May 27, 2016 @ 02:30 pm
The original LinkedIn 2012 data breach turns out to have been much larger than the estimated 6.5 million username and passwords that were stolen. In fact more than 117 million records were compromised. LinkedIn is sending emails to these users that they need to change their password (see below).
The bad guys, never letting a bad situation go to waste, have begun sending out LinkedIn-themed phishing attacks, which attempt to prey on your fear and confusion over this situation. These scams contain links to a fake LinkedIn login page. If you fall for this scam and log in on their fake page, your credentials will be stolen and your LinkedIn account compromised and/or your computer infected with malware.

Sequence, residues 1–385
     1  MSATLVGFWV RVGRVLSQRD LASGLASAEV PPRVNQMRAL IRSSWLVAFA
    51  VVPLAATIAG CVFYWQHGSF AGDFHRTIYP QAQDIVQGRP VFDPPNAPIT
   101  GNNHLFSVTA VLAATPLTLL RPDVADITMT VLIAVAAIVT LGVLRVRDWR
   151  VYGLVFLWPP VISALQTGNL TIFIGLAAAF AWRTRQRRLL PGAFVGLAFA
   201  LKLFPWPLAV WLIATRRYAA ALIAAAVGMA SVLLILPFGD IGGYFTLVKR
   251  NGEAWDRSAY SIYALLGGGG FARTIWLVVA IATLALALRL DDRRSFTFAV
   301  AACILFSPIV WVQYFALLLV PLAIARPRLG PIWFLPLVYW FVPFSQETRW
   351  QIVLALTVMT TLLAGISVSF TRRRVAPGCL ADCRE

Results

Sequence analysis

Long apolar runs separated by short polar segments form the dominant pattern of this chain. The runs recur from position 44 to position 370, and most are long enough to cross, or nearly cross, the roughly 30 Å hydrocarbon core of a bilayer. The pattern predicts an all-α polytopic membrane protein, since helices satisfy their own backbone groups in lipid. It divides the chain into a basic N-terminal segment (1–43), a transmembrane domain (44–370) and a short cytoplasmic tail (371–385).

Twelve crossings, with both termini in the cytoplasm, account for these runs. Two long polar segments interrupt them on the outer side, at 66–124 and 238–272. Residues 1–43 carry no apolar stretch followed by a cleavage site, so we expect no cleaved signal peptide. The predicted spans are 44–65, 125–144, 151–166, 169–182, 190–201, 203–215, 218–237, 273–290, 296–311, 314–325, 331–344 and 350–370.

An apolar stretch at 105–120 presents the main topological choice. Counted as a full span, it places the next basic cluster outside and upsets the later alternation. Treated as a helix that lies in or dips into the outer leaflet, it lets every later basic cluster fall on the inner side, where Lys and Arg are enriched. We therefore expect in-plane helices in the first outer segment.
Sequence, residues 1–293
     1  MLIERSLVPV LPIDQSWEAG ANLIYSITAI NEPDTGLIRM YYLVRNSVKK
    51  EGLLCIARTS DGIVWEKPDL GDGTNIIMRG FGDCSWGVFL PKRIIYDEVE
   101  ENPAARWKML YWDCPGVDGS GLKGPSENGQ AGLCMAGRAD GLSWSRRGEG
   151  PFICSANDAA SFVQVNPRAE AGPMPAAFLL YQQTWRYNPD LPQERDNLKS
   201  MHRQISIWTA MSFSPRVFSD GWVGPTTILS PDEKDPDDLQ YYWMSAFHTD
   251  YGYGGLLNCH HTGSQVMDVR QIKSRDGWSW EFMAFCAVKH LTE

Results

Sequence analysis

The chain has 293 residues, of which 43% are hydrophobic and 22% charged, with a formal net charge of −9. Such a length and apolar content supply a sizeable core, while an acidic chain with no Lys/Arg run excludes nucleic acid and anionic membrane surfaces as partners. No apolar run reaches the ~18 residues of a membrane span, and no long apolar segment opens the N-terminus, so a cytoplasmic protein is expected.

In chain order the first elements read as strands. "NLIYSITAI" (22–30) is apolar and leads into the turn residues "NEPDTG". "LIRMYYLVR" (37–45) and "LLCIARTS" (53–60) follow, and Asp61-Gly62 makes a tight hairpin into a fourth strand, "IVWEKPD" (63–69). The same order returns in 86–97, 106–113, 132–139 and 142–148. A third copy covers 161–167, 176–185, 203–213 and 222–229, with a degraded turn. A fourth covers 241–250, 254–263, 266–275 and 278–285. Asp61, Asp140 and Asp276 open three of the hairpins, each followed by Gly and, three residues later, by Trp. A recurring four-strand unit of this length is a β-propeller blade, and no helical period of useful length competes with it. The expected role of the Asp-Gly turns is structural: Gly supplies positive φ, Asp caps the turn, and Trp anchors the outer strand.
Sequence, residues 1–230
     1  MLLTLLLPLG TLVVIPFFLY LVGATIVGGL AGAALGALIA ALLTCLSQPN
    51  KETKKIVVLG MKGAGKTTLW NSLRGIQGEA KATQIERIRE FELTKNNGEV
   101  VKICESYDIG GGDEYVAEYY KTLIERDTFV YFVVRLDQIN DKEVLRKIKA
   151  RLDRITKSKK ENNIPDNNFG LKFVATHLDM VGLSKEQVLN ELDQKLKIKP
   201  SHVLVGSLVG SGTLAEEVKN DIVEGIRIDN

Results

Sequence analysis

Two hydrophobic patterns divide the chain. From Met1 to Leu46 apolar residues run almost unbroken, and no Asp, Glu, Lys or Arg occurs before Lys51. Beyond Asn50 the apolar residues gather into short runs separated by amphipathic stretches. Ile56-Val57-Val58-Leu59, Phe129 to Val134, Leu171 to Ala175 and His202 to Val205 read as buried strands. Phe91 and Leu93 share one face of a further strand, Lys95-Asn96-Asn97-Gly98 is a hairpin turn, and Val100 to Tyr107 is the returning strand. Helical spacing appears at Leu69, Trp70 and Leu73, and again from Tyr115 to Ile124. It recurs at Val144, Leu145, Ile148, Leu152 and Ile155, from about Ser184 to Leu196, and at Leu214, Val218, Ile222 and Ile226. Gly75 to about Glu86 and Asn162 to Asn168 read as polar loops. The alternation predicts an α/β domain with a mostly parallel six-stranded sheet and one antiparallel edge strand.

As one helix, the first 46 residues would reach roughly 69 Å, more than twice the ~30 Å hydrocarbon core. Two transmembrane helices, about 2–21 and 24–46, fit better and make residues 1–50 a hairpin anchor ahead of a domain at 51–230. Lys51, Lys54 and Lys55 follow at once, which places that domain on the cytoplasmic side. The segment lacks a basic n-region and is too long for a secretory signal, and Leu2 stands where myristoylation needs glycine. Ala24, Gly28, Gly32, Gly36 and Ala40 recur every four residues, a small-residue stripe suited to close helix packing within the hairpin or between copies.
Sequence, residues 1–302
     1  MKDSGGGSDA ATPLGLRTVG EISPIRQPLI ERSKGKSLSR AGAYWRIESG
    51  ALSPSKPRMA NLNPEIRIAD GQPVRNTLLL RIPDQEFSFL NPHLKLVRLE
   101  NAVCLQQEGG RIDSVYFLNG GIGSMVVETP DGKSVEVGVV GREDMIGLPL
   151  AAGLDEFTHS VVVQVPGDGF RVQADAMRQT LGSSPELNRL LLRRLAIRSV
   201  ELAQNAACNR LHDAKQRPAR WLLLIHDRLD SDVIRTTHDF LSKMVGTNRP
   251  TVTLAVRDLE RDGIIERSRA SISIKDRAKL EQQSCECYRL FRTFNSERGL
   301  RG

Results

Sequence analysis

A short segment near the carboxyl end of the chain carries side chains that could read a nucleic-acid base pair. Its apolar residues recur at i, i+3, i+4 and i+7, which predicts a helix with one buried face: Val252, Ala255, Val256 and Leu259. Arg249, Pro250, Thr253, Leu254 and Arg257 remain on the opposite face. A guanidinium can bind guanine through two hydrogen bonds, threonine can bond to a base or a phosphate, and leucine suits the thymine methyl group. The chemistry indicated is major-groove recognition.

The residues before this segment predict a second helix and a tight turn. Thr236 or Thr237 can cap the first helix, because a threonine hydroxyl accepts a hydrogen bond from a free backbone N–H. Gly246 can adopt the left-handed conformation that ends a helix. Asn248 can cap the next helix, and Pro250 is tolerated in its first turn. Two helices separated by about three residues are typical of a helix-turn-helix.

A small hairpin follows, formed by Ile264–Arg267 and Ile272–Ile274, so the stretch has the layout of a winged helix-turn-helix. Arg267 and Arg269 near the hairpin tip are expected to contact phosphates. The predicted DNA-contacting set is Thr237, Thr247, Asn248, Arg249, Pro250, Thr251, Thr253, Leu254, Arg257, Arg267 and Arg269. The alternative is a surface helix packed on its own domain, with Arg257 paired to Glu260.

If you receive an email that seems to come from LinkedIn, do not click anything and instead just go to LinkedIn using your browser and change your password. If your LinkedIn password matches your Auburn password, you should change your Auburn password immediately!
In case you want to get another layer of password protection, LinkedIn offers two-factor authentication by which you can have a one time numerical code sent to your smartphone each time you need to access your LinkedIn account.